Since Alan Greenspan became the Fed chairman in 1987, there has been a policy consensus on the primary role and effectiveness of monetary policy in cushioning an economic downturn and kicking it back to growth. Fiscal policy, due to the political difficulties in making meaningful changes, was relegated to a minor role in economic management. Staving off crisis and reviving growth still dominate today's conversation. The prima facie evidence is that the experiment has failed. The dominant voice in policy discussions is advocating more of the same. When a medicine isn't working, it could be the wrong one or the dosage isn't sufficient. The world is trying the latter. But, if the medicine is really wrong, more and more of the same will kill the patient one day. The global economy was a debt bubble, functioning on China over-borrowing and investing and the West over-borrowing and consuming. The dynamic came to an end when the debt crises exposed debt levels in the West as too high. The last source of debt growth, the U.S. government, is coming to an end, too, as politics forces it to reduce the deficit. Trying to bring back yesterday through monetary growth will eventually bring inflation, not growth.
Think about it – a substance which makes one feel good, promotes a feeling of well-being and confidence…..what is the problem with that? The problem, as I explained to all my teenagers, is not that drugs are inherently bad per se, it is the medium to long term consequences of drug use that inevitably leave one worse off and forces one to make decisions one would not normally make e.g. selling your mother’s wedding ring for drug money. Like the good pseudo-parents they are, the governments have (probably correctly) stepped in and outlawed drugs and their use. But there are other substances which also make one feel good, promote a feeling of well-being and confidence but is just as dangerous. With this substance the government does NOT limit use but promotes it! It is in fact the grower and distributor! What is this stuff? Hint …. Comes in two flavours: money (present money) and credit (future money).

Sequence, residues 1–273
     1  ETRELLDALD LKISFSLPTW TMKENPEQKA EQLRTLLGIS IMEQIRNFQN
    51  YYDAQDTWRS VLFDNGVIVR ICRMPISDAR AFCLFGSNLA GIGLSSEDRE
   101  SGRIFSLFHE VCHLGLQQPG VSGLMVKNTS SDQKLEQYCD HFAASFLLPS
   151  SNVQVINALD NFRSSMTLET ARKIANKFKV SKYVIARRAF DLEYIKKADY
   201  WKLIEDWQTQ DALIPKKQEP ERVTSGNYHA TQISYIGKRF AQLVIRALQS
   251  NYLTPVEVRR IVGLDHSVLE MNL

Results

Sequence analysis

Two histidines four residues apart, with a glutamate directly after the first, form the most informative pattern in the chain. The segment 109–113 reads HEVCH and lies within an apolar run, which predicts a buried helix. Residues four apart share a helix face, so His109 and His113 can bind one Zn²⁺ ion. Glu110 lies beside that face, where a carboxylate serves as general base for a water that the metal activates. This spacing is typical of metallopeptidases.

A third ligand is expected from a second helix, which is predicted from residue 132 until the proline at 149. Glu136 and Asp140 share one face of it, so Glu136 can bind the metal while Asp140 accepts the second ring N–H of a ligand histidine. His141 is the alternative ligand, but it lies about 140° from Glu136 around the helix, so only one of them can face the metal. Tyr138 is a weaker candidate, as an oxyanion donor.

You can now get gold ingots at ATMs, and physcially trade physical gold through brokerage accounts, but is it too little too late? Let's look browse through the facts...
We are now approaching the fourth Christmas of the great debate between the benign supporters of Santa Keynes and the walnut-hearted acolytes of the Hayekian Grinch. Or at least that’s how Keynesians seem to see it. Far from being a success, Keynesian policies have retarded recovery and extended the downturn, just as they did in the 1930s and the 1970s. They’re the “moral” policy present that keeps on taking, supported by those who claim that their opponents have hearts “two sizes too small.”